Why No Secession or Talk of Secession?
jfnbl at earthlink.com
Wed Jun 28 12:40:23 PDT 2006
At 11:57 AM -0400 6/28/06, RJLipkin at aol.com wrote:
>I can't see how close elections can mean the absence of polarization.
Because it sometimes means the absence of meaningful differences on
significant issues. I know it's counter-intuitive, but I see sharp
divisions of public opinion in landslides (Johnson-Goldwater in '64,
Nixon-McGovern in '72), which were about the Cold War and Vietnam
War. You can add Nixon's threadbare win in '68 if you figure that he
would have gotten Wallace's 13% of the vote in an election about Race
and the Great Society.
In very close elections (Kennedy-Nixon in '60, Bush-Gore '00), I see
a failure to identify issues and articulate positions that sharply
separate the candidates politically. Kennedy squeaks out a victory as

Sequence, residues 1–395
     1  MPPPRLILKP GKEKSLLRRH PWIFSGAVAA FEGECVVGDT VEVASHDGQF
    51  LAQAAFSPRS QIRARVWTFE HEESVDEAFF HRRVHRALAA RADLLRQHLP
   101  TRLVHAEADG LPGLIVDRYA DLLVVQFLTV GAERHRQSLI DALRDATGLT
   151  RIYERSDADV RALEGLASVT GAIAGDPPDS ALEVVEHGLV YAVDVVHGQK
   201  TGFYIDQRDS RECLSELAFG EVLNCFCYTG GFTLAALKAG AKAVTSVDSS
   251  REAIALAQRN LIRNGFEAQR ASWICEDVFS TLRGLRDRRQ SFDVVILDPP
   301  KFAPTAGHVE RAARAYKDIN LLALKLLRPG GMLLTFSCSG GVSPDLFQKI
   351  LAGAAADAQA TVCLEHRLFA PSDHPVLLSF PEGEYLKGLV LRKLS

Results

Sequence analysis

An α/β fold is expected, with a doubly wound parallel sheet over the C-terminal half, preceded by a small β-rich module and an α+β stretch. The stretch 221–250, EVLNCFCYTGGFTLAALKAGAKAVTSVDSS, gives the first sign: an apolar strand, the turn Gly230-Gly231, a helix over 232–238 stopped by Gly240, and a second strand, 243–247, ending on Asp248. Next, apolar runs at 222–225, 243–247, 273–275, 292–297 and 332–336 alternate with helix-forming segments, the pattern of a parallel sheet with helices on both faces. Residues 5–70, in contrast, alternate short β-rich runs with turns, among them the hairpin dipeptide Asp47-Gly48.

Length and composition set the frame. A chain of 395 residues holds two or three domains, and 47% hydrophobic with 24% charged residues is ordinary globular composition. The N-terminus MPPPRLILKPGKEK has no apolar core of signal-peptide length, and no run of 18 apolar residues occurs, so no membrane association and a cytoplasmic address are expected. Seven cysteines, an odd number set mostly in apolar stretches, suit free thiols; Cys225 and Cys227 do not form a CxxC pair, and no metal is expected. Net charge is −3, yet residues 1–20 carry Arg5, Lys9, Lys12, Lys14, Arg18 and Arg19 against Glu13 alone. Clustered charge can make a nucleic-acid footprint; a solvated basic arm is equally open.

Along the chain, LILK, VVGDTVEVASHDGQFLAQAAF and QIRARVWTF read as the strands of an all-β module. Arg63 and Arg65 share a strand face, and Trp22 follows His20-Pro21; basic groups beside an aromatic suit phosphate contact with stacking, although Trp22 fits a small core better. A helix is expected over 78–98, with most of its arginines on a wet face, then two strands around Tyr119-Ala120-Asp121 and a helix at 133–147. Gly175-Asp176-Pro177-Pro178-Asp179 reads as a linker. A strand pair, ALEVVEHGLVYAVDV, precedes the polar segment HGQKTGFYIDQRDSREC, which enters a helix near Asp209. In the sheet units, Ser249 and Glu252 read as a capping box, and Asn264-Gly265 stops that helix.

a Cold War Democrat, and Bush slips in as a compassionate
conservative who campaigned on education.The political center is not
volatile. Unless circumstances or the candidates supply the basis for
sharp political choices, you get an electorate comprised of a
minority of polarized voters who are equally, if sharply, divided
over political philosophy; but the outcome is determined by the
center, which is divided mostly by public appeal based on personal
affinity, the political equivalent of a coin-toss (Carter-Ford '76,
Bush-Gore '00), even though the coin-toss sometimes provides a larger
margin because the public appeal based on personal affinity is
lopsided (Reagan-Carter '80, Reagan-Mondale '84, Bush-Dukakis '88,
Clinton-Bush '92, Clinton-Dole '96)
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